Discussions about bleeding disorders in women often go hand in hand with talking about menstruation; a topic that is uncomfortable for many women to openly discuss. Due to this lack of clear communication, there are many misconceptions about what is normal and abnormal. This stigma around menstruation prevents many women from ever being diagnosed with a bleeding disorder in the first place.

Do you talk openly about your period? The answer for most women is “no”.

Even though menstruation is a natural bodily function, people in many parts of the world still view menstruating women as unclean. Today, women in some third world countries are forced to miss school on menstruation days. Charities like Days For Girls deliver life-enhancing menstruation kits to women living in poverty who otherwise have to manage their periods with rags and other makeshift materials. Here in North America, women are taught to be discrete about their periods by hiding their sanitary products and their experiences with menstruation.

Menstruation is not the only area of concern. Misconceptions about bleeding disorders are also prevalent. Some of the things people with bleeding disorders hear from their peers are based on assumptions. For instance, bleeding disorders are not contagious and a paper cut is unlikely to cause death.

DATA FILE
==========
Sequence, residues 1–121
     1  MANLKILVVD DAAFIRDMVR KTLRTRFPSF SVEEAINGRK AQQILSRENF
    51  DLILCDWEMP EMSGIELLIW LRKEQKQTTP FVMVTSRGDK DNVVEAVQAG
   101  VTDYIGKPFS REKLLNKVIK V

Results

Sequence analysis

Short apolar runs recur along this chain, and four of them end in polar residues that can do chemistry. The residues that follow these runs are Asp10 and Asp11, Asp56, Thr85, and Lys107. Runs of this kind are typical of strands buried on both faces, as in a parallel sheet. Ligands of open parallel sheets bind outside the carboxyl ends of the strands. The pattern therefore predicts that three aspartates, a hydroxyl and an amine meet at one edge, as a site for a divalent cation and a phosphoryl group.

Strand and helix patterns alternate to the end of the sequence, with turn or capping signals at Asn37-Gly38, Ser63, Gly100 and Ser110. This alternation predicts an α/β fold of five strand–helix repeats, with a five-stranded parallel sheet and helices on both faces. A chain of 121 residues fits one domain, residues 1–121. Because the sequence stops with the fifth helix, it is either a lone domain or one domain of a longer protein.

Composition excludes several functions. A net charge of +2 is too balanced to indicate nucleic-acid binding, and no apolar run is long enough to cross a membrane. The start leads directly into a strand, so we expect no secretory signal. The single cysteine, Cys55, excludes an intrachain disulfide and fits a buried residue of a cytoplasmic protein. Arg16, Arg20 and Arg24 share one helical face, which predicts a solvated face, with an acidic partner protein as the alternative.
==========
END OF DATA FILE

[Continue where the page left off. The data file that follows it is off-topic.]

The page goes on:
As a society, we need to do our part to talk more openly about menstruation and bleeding disorders. Not discussing these key issues can be dangerous. Heavy and long-lasting periods can be a sign of a more serious bleeding disorder, and bleeding disorders can have disastrous impacts on your health if left untreated. People suffering with a bleeding disorder are at risk of bleeding excessively during events like dental work, surgery or childbirth. These procedures can be undergone safely if you have a bleeding disorder, but your doctor must be informed so you can be offered appropriate treatment and take the right precautions.

Let’s start the conversation on bleeding disorders! Start today by finding out if you have one – take the Self-BAT test which will help you determine if your bleeding is normal or abnormal. Talk to your doctor today.

To learn more about effective treatments or to continue the conversation, please get in touch with us by writing to us at the bottom of our website homepage. Join our communities on Facebook and Instagram to get regular information about bleeding disorders and help other women be empowered by this knowledge.